Manchester

Debt couple spent £6m of clients' cash on 'cars and holidays'

couple worried about finances Image copyright Getty Images
Image caption Over 4,000 customers affected are unable to recover their money and have been left in debt

A couple have been banned from working in finance after spending clients' money on holidays and luxury cars, the Financial Conduct Authority (FCA) said.

Adrian and Christine Whitehurst from Stockport set up First Step in 2007 to help people manage their debts through monthly payments.

Instead, the pair used £6m entrusted to them to fund their businesses and a "five-star" lifestyle.

The case has been referred to City of London Police.

Mark Steward from the FCA said many of First Step's 4,000 customers were "extremely vulnerable" and had trusted the Whitehursts to help them with their debt problems.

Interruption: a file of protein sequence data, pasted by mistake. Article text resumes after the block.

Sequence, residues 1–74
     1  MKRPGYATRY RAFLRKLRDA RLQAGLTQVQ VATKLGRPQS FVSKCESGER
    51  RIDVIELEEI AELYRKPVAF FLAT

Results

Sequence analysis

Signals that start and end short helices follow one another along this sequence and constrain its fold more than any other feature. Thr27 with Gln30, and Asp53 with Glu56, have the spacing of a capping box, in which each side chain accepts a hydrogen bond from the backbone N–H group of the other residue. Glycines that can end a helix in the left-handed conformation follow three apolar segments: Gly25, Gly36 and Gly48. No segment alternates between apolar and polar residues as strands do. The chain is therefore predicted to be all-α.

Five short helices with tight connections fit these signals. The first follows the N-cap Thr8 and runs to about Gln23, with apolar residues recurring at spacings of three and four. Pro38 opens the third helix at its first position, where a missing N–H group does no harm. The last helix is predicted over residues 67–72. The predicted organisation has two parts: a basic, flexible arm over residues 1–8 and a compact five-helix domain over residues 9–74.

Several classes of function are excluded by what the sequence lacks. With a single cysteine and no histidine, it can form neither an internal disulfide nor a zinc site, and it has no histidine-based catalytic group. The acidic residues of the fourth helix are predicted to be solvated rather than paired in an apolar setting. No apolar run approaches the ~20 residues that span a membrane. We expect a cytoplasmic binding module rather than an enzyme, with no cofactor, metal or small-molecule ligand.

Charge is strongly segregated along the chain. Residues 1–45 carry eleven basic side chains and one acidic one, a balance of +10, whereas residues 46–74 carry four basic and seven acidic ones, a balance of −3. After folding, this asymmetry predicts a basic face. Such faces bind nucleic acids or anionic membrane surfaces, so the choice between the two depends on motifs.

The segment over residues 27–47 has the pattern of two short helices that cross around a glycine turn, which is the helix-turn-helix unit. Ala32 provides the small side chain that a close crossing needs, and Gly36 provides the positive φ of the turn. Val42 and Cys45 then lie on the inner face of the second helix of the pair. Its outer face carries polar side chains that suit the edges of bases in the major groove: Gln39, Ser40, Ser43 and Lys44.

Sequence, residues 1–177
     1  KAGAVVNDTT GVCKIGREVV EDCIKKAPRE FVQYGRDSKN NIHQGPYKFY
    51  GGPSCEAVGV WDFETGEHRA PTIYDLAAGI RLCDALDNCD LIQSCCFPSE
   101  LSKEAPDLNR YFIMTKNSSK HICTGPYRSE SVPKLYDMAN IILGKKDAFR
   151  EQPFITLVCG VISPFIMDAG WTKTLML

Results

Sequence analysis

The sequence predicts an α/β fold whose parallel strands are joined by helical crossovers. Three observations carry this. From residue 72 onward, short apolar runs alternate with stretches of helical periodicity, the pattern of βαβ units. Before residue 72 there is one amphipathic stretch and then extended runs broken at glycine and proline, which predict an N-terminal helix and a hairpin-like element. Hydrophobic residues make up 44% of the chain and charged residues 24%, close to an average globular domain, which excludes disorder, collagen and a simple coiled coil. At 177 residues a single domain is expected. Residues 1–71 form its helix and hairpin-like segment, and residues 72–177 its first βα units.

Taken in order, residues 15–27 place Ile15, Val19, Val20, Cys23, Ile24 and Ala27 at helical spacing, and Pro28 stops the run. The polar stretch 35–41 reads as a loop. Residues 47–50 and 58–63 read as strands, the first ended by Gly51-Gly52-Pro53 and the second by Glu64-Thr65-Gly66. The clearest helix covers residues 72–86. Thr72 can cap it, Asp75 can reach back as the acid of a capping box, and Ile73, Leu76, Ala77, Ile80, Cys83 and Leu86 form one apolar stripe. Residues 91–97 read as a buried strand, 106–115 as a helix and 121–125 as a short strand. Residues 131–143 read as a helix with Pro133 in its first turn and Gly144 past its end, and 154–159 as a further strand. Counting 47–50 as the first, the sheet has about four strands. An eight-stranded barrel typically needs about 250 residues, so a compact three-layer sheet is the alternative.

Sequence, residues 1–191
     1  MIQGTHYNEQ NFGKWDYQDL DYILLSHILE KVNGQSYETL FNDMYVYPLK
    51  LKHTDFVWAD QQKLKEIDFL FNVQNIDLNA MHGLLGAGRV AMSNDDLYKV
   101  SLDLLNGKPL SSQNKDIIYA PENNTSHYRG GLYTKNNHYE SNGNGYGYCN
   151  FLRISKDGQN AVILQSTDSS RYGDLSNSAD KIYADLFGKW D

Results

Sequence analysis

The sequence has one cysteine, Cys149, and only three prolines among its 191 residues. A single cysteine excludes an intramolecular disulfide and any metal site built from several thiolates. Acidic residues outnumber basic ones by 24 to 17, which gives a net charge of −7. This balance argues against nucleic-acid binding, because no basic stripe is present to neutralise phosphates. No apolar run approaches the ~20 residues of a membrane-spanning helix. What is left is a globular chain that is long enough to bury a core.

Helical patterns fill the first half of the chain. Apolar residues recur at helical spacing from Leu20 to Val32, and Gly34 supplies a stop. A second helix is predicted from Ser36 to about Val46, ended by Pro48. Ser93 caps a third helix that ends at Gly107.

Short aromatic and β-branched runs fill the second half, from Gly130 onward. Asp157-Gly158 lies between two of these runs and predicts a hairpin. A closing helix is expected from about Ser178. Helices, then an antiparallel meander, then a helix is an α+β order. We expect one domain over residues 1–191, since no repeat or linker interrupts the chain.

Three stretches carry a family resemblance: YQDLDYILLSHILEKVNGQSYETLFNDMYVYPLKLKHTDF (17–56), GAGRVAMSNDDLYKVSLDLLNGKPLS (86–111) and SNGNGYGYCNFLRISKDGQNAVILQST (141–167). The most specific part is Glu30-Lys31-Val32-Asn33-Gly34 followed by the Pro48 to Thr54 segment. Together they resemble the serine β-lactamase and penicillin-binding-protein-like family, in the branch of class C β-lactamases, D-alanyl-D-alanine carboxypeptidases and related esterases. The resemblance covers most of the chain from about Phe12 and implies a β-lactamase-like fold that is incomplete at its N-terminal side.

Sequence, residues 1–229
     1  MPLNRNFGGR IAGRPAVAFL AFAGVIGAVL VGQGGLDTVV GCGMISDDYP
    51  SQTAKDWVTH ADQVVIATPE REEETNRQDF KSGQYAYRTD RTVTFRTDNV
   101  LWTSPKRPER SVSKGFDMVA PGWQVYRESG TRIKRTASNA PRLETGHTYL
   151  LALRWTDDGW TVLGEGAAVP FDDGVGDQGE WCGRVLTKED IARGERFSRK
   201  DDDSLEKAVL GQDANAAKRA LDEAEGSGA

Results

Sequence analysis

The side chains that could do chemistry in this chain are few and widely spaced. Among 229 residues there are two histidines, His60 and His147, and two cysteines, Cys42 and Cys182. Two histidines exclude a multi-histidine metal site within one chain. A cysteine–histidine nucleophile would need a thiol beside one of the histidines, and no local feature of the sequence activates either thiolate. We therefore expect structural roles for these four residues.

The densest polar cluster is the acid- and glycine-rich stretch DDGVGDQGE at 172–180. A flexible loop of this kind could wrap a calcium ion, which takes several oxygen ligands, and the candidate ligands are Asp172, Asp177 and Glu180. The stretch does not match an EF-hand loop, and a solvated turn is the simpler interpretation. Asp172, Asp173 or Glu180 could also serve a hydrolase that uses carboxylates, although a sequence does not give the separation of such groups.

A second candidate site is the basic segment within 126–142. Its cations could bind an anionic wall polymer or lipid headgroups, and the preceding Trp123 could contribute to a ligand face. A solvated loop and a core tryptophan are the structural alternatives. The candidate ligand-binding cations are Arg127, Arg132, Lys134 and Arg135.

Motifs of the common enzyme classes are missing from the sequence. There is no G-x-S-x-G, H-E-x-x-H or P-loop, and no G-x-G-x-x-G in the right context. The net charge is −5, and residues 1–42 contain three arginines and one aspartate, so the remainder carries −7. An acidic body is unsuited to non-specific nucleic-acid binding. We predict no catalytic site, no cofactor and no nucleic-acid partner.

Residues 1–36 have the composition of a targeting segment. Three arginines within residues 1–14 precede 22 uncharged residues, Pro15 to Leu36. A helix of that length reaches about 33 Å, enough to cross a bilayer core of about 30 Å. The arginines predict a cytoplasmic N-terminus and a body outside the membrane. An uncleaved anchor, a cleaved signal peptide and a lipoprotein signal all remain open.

"They showed complete disregard for the consequences of their actions and we have taken the strongest action possible in preventing them from operating in financial services again."

Customers are unable to recover their money because they were not covered by the Financial Services Compensation Scheme, the FCA said.

Image copyright Getty Images
Image caption Adrian and Christine Whitehurst's customers were "extremely vulnerable", the Financial Conduct Authority said

The Office of Fair Trading (OFT) revoked First Step's licence in October 2013 after finding the company had " deceitful, oppressive, improper and unfair" business practices.

The FCA said the Whitehursts had spent over £500,000 on five-star holidays in Marbella, Venice, Vienna and Greece.

Over £200,000 was spent on luxury motor vehicles, including a Bentley, a Range Rover and a Ducati, and significant sums on luxury brands, including goods from Hermes and Louis Vuitton.

Over £1m of cash was transferred to Mr Whitehurst for his personal use and over £1m was used for the benefit of firms associated with the Whitehursts.

More than £2.2m of client money was used to fund First Step's expenses, the FCA added.

The FCA, which took over the regulation of consumer credit in April 2014, banned the Whitehursts from any involvement in regulated financial services activity after they "dishonestly misappropriated client money".

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